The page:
Skip to main content

1 week on

It's a week since I made this commitment. Of course I did have a little wobble but it didn't feel like I was right back to square one because I had achieved something in those first booze free days. And learned something both about myself and sobriety.

Today was a busy one rushing around with the kids, but this evening I had some time. I love to faff around in the kitchen at the weekend when there's no rush. Cooking things Mr P does not wish to eat, moshing away to a playlist of Linkin Park, Rage Against the Machine and such like with a glass of wine in hand. Well I did exactly that tonight, except the wine was AF. And the result was exactly the same! I still enjoyed myself, it was still a nice way to relax and the food was still tasty! (Avocado rice and refried beans in case you wondered).


It's ridiculous that it's taken me this long to really understand that the drink in the glass doesn't have to affect the enjoyment of the activity.

So my week one observations.
1) I can enjoy a night out with friends and it's SO much easier to drive than work out the logistics of lifts and taxis.
2) An emergency toolkit will help things go smoother when you're tired/grumpy/*insert own reason for wine consumption. Chocolates, hot chocolate, bubble bath, and definitely a stompy walk have all given me a little bit of what I was looking for in wine this week.
3) A wobble is not worth throwing the towel in for. I'd like to think I won't have too many of those but I'm pleased that the one I had did not result in a massive hangover and days of self loathing. 1 doesn't have to result in 10 (although it frequently does, hence the point of all this!)
4) If ignored, the Wine Witch eventually shuts up. There have been several days this week when I've really wanted to just give up, bury my head in the sand and try again in 6 months. But it passes.
5) Support from those who "get it" is invaluable. I've joined a site called Soberistas. A group of mostly women, all with difference pasts and problems, at various day counts, but all of whom are committed to living without alcohol because they know they will be a better person for it. They warned me that days 3-5 I'd feel tired but it would get better. They've been there and they understand. It's immensely helpful to be able to draw on those experiences and share a solidarity with them.
6) Some people will get it, some people won't. Some people will feel uncomfortable and imagine it's somehow about them. It isn't. And it really doesn't matter what anyone else thinks. My health, my life, my time; these are precious and I am choosing a better path for me.

I'm looking forward to a fresh Sunday morning when Miss P and I are going to do some baking. And I won't be grumpy and short tempered. Hopefully!

Comments

Popular posts from this blog

Some kind of weirdo

So I've decided I need to change my life. I've been deciding this very slowly over the last few months. I drink too much. I am constantly conscious of it. And I'm as scared of quitting as I am of not quitting.
I lost a good friend to alcoholism last year. We'd lost touch because I found her too heavy to hold up. One of those friendships that you really want to maintain but know are going to be all consuming and I didn't feel like I had the time or energy. I feel like an absolute shitbag to be honest. Could I have hauled her out of her self-pitying alcohol soaked hole? Probably not. But I wish I'd tried harder. Years past we'd drunk together. Wine nights while the kids played, camping trips made better with a can or 4 of Stella. But even in those moments where I thought her drinking was a level up from mine, I NEVER thought it would KILL her. Sure things got bad towards the end, but for most of the time I knew her it was weeknight evenings wine o'clock…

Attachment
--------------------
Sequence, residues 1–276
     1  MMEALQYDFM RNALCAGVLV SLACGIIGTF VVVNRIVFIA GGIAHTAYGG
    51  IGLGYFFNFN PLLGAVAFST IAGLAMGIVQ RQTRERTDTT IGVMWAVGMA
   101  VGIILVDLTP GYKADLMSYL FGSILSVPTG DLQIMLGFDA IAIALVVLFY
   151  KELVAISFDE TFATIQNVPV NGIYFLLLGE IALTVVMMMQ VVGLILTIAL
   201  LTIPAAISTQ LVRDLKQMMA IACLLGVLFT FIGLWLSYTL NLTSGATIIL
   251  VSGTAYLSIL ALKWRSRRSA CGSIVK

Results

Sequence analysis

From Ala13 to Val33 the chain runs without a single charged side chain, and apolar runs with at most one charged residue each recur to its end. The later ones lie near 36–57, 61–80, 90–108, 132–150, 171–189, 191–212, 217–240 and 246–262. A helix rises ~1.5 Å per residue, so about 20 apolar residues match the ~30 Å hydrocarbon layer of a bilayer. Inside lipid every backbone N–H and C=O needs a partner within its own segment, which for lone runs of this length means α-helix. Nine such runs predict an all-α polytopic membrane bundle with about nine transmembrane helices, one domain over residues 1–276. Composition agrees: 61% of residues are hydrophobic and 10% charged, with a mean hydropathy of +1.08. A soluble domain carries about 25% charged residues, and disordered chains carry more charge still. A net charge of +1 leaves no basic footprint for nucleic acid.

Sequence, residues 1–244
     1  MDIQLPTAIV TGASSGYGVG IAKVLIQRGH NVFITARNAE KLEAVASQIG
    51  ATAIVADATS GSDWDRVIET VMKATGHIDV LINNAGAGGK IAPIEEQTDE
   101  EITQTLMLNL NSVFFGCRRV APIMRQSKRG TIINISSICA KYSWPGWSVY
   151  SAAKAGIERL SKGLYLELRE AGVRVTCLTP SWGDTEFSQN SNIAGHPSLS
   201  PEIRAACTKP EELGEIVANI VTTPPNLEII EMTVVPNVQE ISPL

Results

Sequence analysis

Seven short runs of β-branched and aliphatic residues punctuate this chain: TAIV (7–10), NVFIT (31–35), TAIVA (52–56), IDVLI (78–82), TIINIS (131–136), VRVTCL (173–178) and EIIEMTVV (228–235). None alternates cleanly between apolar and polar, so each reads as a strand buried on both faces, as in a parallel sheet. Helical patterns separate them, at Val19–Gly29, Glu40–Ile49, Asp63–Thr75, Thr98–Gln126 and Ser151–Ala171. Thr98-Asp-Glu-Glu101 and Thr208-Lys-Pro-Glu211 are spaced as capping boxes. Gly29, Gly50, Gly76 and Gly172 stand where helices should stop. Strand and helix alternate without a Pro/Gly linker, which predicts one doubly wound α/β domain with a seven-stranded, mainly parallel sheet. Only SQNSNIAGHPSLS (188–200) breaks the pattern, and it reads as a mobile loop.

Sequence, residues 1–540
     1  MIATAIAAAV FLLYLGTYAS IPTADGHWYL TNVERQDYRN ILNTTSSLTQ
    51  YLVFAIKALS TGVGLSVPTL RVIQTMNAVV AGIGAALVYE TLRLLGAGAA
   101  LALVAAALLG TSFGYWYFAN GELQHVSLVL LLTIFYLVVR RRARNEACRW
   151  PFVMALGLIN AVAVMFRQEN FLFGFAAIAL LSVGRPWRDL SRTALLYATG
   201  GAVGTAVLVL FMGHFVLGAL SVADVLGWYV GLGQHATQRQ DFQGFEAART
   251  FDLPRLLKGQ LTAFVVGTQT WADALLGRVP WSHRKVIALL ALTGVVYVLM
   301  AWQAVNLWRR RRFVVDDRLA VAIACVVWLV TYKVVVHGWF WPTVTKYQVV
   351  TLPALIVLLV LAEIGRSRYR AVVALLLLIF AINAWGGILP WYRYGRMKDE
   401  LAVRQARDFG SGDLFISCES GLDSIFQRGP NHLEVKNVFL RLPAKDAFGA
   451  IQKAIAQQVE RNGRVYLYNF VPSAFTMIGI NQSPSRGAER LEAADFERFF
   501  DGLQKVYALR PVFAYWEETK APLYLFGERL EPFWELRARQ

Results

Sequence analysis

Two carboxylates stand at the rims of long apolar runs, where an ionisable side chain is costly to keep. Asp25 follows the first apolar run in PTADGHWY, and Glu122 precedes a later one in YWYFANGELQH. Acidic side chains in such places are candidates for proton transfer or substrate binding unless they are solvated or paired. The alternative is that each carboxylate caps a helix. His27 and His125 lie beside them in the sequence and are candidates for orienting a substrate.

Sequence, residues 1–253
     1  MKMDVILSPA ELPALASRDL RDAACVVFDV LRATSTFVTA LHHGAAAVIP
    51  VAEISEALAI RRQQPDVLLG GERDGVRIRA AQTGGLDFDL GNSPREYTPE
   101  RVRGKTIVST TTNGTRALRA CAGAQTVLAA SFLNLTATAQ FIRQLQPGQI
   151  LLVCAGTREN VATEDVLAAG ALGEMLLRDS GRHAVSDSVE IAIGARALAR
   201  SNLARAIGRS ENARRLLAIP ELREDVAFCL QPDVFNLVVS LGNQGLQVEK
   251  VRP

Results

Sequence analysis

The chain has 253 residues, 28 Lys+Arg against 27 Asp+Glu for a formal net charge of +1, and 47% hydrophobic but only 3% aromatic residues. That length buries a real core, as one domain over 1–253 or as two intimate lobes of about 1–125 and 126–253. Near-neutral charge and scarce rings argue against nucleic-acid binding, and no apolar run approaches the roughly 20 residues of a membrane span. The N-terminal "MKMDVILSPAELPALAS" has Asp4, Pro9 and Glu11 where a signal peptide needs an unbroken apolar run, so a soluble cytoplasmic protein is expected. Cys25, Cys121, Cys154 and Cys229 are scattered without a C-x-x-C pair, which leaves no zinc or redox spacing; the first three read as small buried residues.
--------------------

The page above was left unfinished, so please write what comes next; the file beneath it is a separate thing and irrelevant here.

Wobble in Whitley Bay

We're officially half way through the month. And I have a confession. I had a wobbly weekend. To be completely honest I knew before I started that this weekend was going to be the most likely point to fall off the wagon. I was staying with my dear friend Kate (t'other Kate) in Whitley Bay. We've been drinking together for close to 20 years (sorry mum!) and although we see each other pretty infrequently I adore her. Whenever we're together it's like we've never been apart.  I was so excited to spend time with her and her beautiful family. And yes, we should be able to hang out without the social lubricant of alcohol, and of course we can and do. But kicking back for the evening with your best friend is just a little incomplete without a glass of wine in hand. Not drinking felt like I was putting an expectation on Kate not to drink either, or to feel bad if she did. And when it's the last time we'll see each other this year, well to be honest, in the moment …

Day 1 - take 2

Last night was a very rare night away for me and Mr P, childfree. There were some bumps along the way, our romantic getaway to beautiful Buxton started with about 0% visibility due to fog and a "closed" camping area due to snow and a frozen toilet.

Safe to say I had a bit of monk on. In the end the landlord of the pub managed to sort the toilets (and the emergency electrician he called out confirmed we were unlikely to combust overnight from dodgy hookup point). Visibility became less of an issue once the sun set too, But by this point Mr P had coaxed me into a wine to help me shake off my mardy bum (And mardy face I imagine!)

I hadn't really talked to him seriously about where I was at with alcohol but ironically, over a large Merlot (for me) and a pint of bitter (him) I was able to talk frankly about it. The alcohol was a bad idea, but the chat was not. He has never had this kind of issue with booze so doesnt REALLY get it but is supportive nonetheless. So no more snea…